Hot Shot or Ice Cold?
Rishin Uppal
King George Secondary
Floor Location : J 207 D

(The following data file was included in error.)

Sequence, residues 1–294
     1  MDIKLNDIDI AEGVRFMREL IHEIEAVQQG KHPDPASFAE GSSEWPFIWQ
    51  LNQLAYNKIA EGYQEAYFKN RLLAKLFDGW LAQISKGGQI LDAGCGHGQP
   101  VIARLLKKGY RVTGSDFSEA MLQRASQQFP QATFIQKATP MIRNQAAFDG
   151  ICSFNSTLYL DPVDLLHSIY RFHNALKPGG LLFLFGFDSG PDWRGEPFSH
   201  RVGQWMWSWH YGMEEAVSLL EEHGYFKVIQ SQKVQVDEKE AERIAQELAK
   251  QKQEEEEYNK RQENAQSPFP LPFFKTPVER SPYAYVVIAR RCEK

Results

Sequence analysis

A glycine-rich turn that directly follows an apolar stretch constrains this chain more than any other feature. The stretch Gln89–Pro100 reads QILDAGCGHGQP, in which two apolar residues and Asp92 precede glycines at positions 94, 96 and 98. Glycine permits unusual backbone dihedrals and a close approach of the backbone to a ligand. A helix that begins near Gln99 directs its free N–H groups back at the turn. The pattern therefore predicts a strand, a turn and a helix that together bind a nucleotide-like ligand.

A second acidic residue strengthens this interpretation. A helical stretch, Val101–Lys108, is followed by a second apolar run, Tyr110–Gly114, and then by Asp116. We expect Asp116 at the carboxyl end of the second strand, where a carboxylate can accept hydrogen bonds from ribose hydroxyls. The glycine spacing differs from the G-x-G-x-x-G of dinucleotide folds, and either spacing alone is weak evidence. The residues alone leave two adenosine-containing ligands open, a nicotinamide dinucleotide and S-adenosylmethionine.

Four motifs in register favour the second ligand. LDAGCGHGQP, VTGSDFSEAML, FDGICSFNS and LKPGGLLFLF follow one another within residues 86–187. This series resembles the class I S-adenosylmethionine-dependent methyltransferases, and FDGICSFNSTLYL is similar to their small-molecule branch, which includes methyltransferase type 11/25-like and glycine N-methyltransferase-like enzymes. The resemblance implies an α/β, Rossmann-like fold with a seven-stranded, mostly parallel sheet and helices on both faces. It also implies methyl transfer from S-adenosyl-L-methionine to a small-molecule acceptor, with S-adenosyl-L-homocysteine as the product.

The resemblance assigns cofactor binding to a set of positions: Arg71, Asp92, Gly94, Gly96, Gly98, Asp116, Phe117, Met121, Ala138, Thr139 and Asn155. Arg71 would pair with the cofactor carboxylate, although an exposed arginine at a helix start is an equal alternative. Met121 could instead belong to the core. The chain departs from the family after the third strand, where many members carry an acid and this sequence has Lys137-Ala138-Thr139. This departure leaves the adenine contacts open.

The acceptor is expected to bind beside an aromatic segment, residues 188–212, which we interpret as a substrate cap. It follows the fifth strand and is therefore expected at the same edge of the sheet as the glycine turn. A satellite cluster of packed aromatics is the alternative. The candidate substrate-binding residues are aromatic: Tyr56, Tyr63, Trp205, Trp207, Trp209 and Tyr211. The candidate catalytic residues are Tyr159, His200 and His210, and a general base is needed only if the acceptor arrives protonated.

In this project, I launched hockey pucks at different temperatures down an ice rink surface to determine whether warmer or cooler pucks travel further. I did this in an attempt to determine what the optimal temperature for a hockey puck to travel furthest down an ice surface is. I discovered that the National Hockey League keeps all of their game pucks at -10 degrees Celsius and wanted to see if that was allowing the pucks to travel at their highest potential distance at that temperature. When conducting my experiment, in order to keep the speed of the hockey pucks constant, I built a wooden puck slinging apparatus. To monitor the temperature of the hockey pucks between tests I used a Raytek laser temperature reader. I did this to ensure that the temperature of the puck did not change significantly between the various tests. After completing my experiment, I found that as the temperature of the hockey pucks increased the distance it traveled was further. I hypothesized the affect would be opposite to this because I thought as the temperature of the puck increased, it would cause pooling and increase the resistance. However, the pooling the increased temperature cause was so minor, it acted as a thin surface for the puck to glide upon and allowed it to travel further.